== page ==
It is pertinent here to recall what Canadian journalist and media educator Ross Howard said at the 2003 International Roundtable on New Approaches to Conflict Reporting in Copenhagen on the use of sentiment by the media:

“Look at the work of the FOX Television network in the USA. During the invasion of Iraq, newscasters waved and wore American flags, and abandoned all impartiality or fairness by providing a kind of play-by-play home-team coverage of the war between ‘our boys versus the enemy’. It was not professional journalism. Increasingly, this uncritical (and overtly partisan) journalism is contributing to a dangerous American public isolation and insulation from reality on the global scene. Restoring and introducing critical thinking to Western journalism is a partial antidote to the FOX News style of journalism. We need to restore some old standards.”
In the initial hours of the Mumbai attacks, foreign channels were far ahead with factual information, which they culled out from blogs and chat rooms, and strengthened with details from interviews, including with guests at the two hotels attacked by the terrorists. Some foreign channels put the Mumbai attacks in perspective right away by giving a timeline of previous attacks in India to conclude that the latest strikes were actually an escalation in terrorism. They pointed out that unlike in previous cases, the current strikes also involved taking hostage of western nationals. It was a logical deduction on the basis of some good homework, plus locating the new angle of hostage-taking in the current strikes.

A major reason why the Indian channels looked no different the day after the attacks from the night before was sheer lack of information about the ongoing counter-terrorism operation by the security forces in the two Mumbai hotels where the terrorists were holed up with hostages. Broadcast journalism in India is no longer in its infancy and many of its practitioners have reported on conflicts worldwide and therefore, there is no excuse for substandard coverage of such a serious issue.

Secrecy on part of the official agencies and lack of access by journalists both played a role in this blank phase of news on the strikes on the second day. Indian journalists, routinely attuned to covering crime, often find it difficult to cope with such situations. How to keep their channels moving forward in such situations? Lack of knowledge about the country’s anti-terrorism apparatus, the types of agencies and personnel involved, and general information about their operational techniques appear to have hindered the journalists. As a result, uninformed theories, even rumours were reported as news.

Such reportage looks childish. Like, for instance, a channel showed its reporter, standing at the back of one of the Mumbai hotels, telling the audience that the police were clever enough to post themselves at the hotel’s rear so that the terrorists would not be able to escape unnoticed. Knowledge about the encircling tactics of counter-terrorism agencies as well as the level of determination of the terrorists inside the hotel - would they allow themselves to be captured alive? - would have made the reporter’s chat more meaningful.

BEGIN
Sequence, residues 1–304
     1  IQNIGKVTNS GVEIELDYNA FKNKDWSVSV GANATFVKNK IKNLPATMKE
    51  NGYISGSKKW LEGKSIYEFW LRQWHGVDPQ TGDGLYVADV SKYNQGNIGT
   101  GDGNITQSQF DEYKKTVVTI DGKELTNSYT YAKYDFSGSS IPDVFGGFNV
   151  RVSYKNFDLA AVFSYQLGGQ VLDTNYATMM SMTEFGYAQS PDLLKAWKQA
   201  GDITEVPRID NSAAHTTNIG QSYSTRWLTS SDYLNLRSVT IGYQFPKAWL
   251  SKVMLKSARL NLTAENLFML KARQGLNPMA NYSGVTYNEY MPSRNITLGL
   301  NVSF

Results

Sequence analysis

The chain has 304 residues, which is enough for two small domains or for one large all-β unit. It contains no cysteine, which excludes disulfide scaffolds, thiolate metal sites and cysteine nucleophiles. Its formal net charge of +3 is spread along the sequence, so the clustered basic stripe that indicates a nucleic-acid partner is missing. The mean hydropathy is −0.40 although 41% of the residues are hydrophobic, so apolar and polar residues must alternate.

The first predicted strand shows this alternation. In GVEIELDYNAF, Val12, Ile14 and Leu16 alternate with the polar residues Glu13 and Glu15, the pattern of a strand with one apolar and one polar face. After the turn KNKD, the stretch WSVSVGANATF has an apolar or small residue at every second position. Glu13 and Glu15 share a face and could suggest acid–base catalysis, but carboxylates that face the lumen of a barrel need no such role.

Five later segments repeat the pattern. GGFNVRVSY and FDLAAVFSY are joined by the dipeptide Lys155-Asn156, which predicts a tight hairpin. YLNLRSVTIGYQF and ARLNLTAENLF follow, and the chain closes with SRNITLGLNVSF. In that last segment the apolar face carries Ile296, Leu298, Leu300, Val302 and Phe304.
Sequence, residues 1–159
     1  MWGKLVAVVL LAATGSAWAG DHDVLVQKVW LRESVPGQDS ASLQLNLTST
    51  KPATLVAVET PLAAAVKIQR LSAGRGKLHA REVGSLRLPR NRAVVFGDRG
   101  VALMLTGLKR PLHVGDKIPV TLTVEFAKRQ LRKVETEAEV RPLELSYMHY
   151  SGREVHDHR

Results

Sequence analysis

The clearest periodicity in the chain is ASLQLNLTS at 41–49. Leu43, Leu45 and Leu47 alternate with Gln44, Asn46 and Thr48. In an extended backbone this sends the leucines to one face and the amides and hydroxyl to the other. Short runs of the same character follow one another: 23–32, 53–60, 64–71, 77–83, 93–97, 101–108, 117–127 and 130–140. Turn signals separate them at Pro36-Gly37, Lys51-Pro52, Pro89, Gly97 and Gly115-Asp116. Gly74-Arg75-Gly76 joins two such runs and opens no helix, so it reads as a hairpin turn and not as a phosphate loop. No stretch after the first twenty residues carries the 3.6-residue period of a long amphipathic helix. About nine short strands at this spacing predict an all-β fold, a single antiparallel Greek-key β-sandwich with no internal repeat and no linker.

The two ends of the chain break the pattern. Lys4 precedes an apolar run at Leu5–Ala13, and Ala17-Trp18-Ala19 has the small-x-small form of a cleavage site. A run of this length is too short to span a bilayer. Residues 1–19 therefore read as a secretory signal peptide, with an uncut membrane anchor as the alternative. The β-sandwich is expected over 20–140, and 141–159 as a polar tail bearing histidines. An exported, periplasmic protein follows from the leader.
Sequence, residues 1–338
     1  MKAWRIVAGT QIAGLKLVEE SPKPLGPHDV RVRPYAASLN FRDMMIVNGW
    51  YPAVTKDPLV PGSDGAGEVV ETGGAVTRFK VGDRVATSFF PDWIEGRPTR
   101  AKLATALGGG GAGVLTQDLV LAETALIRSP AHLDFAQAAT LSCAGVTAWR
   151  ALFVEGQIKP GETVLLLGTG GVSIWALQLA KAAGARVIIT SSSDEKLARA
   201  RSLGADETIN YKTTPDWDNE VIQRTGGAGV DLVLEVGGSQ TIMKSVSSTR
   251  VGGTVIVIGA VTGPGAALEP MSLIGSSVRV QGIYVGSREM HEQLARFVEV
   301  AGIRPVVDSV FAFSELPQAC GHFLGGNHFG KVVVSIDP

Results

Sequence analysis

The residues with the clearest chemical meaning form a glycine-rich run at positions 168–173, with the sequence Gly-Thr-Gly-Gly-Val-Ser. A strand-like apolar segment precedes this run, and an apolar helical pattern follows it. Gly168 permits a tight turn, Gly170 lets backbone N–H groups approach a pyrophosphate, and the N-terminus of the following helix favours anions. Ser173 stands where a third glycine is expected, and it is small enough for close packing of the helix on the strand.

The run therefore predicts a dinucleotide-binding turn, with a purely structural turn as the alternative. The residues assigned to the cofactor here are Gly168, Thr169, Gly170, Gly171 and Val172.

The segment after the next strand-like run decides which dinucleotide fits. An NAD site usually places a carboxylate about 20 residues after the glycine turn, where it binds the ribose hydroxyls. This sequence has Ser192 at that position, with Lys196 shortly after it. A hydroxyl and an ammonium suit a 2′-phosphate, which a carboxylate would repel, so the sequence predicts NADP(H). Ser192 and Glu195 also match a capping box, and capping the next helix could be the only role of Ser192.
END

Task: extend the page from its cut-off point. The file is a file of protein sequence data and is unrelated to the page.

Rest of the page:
Even when channels secure tactical information about an operation, they should have second
thoughts about broadcasting it for fear of the data benefiting the attackers. A couple of channels had some such information about the ongoing operation in Taj Mahal hotel in Mumbai, which they screamed as exclusive news, oblivious to the larger ethical questions involved.
What Indian broadcast journalism should now look for is specialised reporting on terrorism. Treating a terrorist strike story in the same way as a child falling into a manhole will not help, simply because news channels influence people’s perceptions and an unprofessional approach to news dissemination can result in inappropriate fallouts. Also, terrorism is not a domestic issue restricted to the borders of one country and as it is there exists enough evidence of its globally intertwined presence.

The Mumbai strikes were treated more as a local Mumbai event, rather than a national issue. The ‘national’ duty was discharged by becoming inanely sentimental. There was no attempt to see the strikes in the perspective of the global, or even sub-continental, spread of terrorism.
In such situations, journalists should keep in mind they are no longer dealing with local police or petty criminals. They should be able to raise the standard of reporting by making themselves aware of the causes, impact and nexus of terrorism beyond their own country’s borders. This calls for journalists undergoing training programmes in terrorism reporting, on the lines of conflict reporting.

More important than such training is developing a professional attitude when dealing with terrorism and not giving into bouts of sentimentality, which derails the whole purpose of reporting on such events. Not the least, journalists must realise that while it is professional to break the news first, a race to break it can be hazardous in such situations, with accuracy, objectivity and credibility the first victims.

Venkata Vemuri is a senior Indian journalist, currently doing his PhD in the UK. He can be reached at